How Great Organizations Know They’re Great

Impact is the measure of how effectively youre carrying out your mission.

By Judith Samuels, PhD

The new tax law, if implemented as expected, reduces the financial incentive of tax deductions for many who contribute to worthy causes. This means that philanthropies and nonprofits of all types will need to make a stronger, more effective case that they are great and deserving of contributions.

How successful is your organization? It’s not just about having stellar financials. For charities, philanthropies and nonprofit service organizations, the only thing that really matters is IMPACT. It’s not just about growing participation in your programs. Or launching new programs. Or extending your reach. Impact is the extent to which you are ensuring a thriving Jewish community, how you improve the quality of life for those represented by your mission.

Simply put, impact is the measure of how effectively you’re carrying out your mission. There’s no single way to measure impact, but it should be a clear reflection of progress toward meeting your mission. Great organizations have a systematic process for applying impact measures to everything they do. Every grant, every program, every service.

But undertaking impact measurement can be a daunting task.

And your organization likely has many questions like these:

  • How can we ensure that the organizational culture will support measuring our work?
  • How much will this cost? Is there a cost benefit?
  • How do we start: should we hire in-house staff or outside consultants?
  • Does the field have proven methods for measuring the results of our work and how can I find out about them?

The key to answering the first question is understanding that culture change is an incredibly difficult leadership challenge. There’s considerable academic scholarship on successful organizational culture change, and many methods and processes have been tested. What’s common to many of these is a combination of top-down and bottom-up approaches. Senior management and Board leadership are personally involved in learning and using the language of the new culture. Staff at ALL levels are included in training and dissemination strategies, and asked to use new language and techniques in their work. But most important, patience is required. Culture change takes time. You will know culture change has taken hold when the conversations at all levels change from “what should we do?” to “what is the goal?” and “how can we measure that change?”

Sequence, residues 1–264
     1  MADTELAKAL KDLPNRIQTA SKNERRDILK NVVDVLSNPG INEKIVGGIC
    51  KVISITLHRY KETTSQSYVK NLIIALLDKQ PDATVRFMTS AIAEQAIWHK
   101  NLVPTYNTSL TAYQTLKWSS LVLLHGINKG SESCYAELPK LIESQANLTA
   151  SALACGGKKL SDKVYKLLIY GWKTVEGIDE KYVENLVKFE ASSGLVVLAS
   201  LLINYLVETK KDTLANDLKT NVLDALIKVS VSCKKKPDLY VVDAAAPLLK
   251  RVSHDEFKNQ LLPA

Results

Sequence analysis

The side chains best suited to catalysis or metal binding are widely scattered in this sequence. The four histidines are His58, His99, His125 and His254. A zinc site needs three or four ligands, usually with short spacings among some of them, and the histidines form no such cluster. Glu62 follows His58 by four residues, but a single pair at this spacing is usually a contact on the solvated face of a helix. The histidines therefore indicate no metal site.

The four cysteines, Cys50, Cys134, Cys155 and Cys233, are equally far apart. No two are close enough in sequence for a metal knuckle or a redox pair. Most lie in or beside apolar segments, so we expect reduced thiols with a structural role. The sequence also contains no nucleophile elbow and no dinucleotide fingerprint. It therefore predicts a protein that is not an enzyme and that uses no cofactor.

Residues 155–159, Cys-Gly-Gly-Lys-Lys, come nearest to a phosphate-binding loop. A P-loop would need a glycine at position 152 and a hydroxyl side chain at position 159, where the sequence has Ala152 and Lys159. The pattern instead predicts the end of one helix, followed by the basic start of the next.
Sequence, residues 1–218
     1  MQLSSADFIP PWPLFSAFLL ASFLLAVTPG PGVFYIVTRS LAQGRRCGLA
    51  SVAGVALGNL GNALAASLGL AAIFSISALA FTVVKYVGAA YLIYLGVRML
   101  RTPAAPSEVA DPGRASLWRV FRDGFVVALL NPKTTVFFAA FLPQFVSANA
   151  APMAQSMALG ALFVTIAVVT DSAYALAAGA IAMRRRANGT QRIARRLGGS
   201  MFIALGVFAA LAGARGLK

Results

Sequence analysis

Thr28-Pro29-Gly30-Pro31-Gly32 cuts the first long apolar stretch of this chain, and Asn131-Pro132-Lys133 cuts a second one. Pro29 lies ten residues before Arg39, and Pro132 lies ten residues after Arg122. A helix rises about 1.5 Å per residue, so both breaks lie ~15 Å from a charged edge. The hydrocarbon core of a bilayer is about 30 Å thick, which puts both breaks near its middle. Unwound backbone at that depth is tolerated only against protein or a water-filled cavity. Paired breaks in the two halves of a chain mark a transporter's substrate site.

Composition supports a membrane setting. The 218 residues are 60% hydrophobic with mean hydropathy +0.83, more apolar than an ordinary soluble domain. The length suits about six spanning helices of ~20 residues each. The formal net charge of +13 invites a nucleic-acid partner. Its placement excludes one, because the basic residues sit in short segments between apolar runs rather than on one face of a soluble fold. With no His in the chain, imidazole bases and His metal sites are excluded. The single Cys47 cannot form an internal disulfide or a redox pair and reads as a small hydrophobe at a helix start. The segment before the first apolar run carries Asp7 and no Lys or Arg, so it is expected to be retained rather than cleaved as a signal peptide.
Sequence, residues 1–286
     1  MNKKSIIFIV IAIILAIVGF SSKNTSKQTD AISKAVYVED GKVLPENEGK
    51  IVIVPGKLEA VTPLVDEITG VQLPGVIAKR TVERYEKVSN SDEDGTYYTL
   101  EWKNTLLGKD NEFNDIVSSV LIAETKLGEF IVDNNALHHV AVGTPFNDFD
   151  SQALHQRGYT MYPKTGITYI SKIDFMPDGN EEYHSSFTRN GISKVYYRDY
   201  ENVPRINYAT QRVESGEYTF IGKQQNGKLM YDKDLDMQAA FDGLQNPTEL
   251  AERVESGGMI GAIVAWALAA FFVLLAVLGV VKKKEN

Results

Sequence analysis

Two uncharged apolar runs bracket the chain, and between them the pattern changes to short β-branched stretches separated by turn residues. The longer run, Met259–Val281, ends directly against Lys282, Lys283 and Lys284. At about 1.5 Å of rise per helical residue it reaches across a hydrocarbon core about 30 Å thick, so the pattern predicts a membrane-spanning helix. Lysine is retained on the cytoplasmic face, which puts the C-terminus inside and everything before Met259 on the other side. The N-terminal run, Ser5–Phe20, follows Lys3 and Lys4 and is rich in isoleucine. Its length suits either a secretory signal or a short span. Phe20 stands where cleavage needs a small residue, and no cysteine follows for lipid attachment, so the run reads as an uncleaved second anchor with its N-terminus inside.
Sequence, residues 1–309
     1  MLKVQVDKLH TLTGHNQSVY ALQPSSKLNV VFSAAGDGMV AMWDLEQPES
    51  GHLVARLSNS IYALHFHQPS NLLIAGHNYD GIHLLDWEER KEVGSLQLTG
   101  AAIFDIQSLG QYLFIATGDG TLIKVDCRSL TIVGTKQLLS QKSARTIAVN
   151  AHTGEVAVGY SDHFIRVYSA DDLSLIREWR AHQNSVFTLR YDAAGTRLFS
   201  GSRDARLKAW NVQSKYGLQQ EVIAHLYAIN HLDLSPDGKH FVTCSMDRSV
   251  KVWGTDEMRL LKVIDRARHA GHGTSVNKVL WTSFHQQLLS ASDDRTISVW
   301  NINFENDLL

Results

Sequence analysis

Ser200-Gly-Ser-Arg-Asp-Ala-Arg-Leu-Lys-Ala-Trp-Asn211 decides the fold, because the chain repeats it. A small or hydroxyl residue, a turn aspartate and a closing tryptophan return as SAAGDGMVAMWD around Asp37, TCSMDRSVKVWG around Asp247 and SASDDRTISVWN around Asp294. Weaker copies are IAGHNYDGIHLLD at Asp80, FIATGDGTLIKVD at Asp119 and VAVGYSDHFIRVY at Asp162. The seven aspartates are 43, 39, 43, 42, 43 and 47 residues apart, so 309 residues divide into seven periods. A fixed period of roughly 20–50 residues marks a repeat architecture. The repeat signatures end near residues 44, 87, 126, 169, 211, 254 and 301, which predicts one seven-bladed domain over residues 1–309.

Every organization is different; thus, the costs to implement an impact-measurement strategy will differ. If in-house resources are not available to help determine these costs, outside consultants can be engaged to assess the level of investment required to start up or revamp measurement systems. Solid evaluation processes and methods often require an investment in the right systems for data collection and analysis. These investments are as essential in the nonprofit world as they are in the private sector. Consultants are also a valuable resource for elucidating specific benefits that help maximize your impact. Such benefits often include improving the organization’s decision-making processes and increasing the effectiveness of planning.

For the third question, often the best answer is a combination of both: in-house and outside resources. While in-house staff may have the best view of your organization’s roadmap and potential mission impact, outside evaluation and research experts bring a level of rigor few organizations can tap from their full-time staff. Many organizations use consultants and experts to help set up processes and systems, leaving trained staff in place.

The final question is simpler to answer in some fields than others. The health and social-services fields have a plethora of standardized and well-tested measures for their work. However, the Jewish communal sector has a dearth of standardized and/or well-tested measures that reflect changes in Jewish identity, Jewish community, or an individual’s lifelong commitment to Israel. While much work needs to be done in this area, well-constructed proxy measures, determined with expert advice, may suffice as the field matures.

And remember, measuring impact is how great organizations are able to maximize impact.

Judith Samuels, PhD, is CEO of The Samuels Group. She previously served as Managing Director of the Impact and Performance Assessment Department, UJA-Federation of NY. Judith can be reached at: